Security Alert: 500 Million Marriott Guest Records Stolen in Starwood Data Breach

November 30th, 2018

Security Alert: 500 Million Marriott Guest Records Stolen in Starwood Data Breach

Image result for marriott breachThe world's biggest hotel chain Marriott International today disclosed that unknown hackers compromised guest reservation database its subsidiary Starwood hotels and stole the personal data of about 500 million guests.  Marriott has setup a website with information about the breach.

Starwood Hotels and Resorts Worldwide was acquired by Marriott International for $13 billion in 2016. The brand includes St. Regis, Sheraton Hotels & Resorts, W Hotels, Westin Hotels & Resorts, Aloft Hotels, Tribute Portfolio, Element Hotels, Le Méridien Hotels & Resorts, The Luxury Collection, Four Points by Sheraton and Design Hotels.

The data breach is considered to be one of the largest in history, behind Yahoo's 2013 data breach in which nearly 3 billion user account records were stolen.

The breach of Starwood properties apparently has been happening since 2014 after an "unauthorized party" managed to gain unauthorized access to the Starwood's guest reservation database, and had copied and encrypted the information.  Marriott discovered the breach in September of this year after receiving an alert from one of its internal security tools.

On November 19, the investigation into the incident revealed that there was unauthorized access to the database, containing "guest information relating to reservations at Starwood properties on or before September 10, 2018."

The stolen hotel database contains sensitive personal information of approximately 500 million guests, including their names, mailing addresses, phone numbers, email addresses, passport numbers, dates of birth, genders, arrival and departure information, reservation date, and communication preferences.  What's worrisome? For some users, stolen data also includes payment card numbers and payment card expiration dates.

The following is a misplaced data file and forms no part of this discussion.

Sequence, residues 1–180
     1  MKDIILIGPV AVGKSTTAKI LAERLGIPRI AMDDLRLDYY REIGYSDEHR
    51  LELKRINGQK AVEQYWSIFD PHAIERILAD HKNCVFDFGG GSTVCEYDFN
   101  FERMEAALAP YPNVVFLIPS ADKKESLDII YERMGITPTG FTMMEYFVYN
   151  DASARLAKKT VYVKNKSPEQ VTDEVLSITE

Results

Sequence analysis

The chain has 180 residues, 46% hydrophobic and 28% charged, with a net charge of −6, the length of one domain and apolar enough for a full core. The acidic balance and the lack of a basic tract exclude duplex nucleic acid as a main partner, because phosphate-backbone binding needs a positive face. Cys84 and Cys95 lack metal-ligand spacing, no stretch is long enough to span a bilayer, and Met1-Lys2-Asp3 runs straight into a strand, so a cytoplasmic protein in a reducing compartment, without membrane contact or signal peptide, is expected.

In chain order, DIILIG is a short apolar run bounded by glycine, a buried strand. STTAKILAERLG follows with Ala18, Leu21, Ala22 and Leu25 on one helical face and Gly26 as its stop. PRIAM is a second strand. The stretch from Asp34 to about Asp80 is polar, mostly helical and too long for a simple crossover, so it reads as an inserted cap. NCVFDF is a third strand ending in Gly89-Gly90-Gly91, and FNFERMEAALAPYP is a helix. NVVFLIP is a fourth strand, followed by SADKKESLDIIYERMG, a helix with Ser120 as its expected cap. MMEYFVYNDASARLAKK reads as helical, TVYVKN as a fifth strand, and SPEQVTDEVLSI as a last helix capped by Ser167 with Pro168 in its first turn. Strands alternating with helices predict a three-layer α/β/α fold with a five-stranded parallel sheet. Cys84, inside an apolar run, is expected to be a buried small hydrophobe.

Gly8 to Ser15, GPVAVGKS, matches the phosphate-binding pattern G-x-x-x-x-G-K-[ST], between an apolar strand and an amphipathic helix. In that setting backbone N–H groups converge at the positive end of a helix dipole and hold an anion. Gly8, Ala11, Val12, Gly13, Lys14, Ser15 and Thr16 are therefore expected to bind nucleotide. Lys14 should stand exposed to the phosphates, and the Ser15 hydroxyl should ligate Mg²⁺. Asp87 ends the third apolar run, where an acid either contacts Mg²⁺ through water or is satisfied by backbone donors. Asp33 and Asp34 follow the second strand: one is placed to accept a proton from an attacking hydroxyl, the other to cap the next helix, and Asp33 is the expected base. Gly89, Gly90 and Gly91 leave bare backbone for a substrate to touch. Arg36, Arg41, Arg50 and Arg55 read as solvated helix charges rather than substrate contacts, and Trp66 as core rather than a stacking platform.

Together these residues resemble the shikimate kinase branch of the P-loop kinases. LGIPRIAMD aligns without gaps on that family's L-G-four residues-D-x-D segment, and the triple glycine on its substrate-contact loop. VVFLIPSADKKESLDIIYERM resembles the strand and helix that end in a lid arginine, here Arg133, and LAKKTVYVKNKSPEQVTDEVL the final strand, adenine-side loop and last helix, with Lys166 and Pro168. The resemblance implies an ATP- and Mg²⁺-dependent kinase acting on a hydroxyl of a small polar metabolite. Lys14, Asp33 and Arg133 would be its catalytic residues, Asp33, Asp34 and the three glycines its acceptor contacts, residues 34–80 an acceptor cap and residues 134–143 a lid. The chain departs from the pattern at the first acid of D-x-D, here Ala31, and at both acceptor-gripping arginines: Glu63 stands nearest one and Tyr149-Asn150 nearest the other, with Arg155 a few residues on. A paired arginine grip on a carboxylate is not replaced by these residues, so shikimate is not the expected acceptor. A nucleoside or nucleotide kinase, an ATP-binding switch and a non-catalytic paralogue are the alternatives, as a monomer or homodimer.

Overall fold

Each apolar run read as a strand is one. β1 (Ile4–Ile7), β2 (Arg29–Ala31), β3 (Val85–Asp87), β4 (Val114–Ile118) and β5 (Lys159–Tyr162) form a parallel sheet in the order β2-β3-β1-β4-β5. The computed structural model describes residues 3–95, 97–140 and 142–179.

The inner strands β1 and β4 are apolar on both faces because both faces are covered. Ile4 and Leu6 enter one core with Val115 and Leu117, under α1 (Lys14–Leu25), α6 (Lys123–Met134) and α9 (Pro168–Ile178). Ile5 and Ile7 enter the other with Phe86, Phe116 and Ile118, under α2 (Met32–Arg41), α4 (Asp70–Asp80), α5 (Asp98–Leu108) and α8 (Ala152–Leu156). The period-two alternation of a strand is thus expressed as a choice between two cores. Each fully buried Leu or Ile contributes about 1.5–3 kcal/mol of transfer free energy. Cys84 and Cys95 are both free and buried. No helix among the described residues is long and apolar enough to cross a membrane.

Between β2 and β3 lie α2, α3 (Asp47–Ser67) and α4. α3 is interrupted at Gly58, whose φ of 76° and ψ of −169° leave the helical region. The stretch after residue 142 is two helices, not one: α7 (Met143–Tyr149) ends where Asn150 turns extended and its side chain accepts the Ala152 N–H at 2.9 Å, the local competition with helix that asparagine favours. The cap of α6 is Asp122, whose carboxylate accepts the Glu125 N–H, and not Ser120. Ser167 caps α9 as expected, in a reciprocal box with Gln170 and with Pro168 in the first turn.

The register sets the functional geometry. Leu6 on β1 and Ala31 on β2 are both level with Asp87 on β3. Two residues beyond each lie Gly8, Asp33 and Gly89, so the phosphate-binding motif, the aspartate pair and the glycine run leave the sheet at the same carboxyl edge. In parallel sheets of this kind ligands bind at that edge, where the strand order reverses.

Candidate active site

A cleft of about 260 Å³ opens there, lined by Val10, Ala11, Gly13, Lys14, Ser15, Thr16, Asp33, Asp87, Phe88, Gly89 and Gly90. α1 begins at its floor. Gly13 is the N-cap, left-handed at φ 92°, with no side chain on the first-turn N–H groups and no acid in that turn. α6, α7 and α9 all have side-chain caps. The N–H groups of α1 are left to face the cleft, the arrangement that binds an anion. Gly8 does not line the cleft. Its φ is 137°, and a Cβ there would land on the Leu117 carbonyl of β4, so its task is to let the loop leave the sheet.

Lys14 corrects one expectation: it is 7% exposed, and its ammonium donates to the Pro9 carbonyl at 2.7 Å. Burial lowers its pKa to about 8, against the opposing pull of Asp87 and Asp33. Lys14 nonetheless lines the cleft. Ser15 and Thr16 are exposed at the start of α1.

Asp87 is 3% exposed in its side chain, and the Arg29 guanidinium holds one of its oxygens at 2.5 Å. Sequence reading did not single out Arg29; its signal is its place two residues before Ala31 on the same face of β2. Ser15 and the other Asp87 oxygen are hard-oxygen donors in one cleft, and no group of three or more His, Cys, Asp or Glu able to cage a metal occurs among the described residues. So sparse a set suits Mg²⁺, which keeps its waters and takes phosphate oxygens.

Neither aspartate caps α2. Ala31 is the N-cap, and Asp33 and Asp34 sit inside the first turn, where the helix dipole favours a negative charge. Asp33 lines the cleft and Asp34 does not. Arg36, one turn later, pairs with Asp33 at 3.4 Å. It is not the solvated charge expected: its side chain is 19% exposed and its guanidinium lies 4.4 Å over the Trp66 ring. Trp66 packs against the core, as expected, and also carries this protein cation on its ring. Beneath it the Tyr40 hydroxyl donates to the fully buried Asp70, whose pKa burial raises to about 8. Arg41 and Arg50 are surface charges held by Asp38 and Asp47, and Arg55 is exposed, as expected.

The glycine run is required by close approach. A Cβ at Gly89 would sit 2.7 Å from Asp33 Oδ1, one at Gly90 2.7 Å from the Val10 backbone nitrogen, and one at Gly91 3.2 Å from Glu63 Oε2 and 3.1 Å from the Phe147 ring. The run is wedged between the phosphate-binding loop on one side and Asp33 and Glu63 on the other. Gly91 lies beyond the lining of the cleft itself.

But, according to Marriott, "the payment card numbers were encrypted using Advanced Encryption Standard encryption (AES-128)." Attackers need two components to decrypt the payment card numbers, and "at this point, Marriott has not been able to rule out the possibility that both were taken."

The hotel company has begun notifying regulatory authorities and also informed law enforcement of the incident and continues to support their investigation.

How You Can Protect Yourself and Your Organization

Visit the Marriott/Starwood Data Breach Information Website for More Information. Marriott has taken measures to investigate and address a data security incident involving the Starwood guest reservation database. This site has information concerning the incident, answers to guests’ questions and steps you can take.

Change Your Marriott/Starwood and Other Personal Website Passwords. Changing your Marriott website password is a no-brainer, but since many of use the same passwords for various websites, this breach could provide hackers with access to other sites.  ALWAYS use unique passwords for each website.

Monitor Your Accounts for Suspicious Activity. Keep an eye on your Starwood Preferred Guest account as well as bank, retirement, and credit card accounts, looking for suspicious activity or unauthorized transactions.

Use Virtual Credit Cards for Online Transactions. A virtual card functions like a disposable representative of your real card. If something happens to a virtual card, you can just delete it and get a new one. The two main purposes for using virtual account numbers (VANs) are security and convenience. Instead of providing merchants with your actual credit card details, you can just give the virtual card number.  Then, if there’s any security issue with the website or company, you can simply cancel that virtual card. You don’t need to worry about thieves making all sorts of fraudulent transactions, because they would just have that one limited number. And you won’t need to report your card information as stolen and get a new card mailed.

Don't Forget Your Corporate Accounts If your organization has staff or executives that travel, their accounts and associated corporate credit cards could be breached.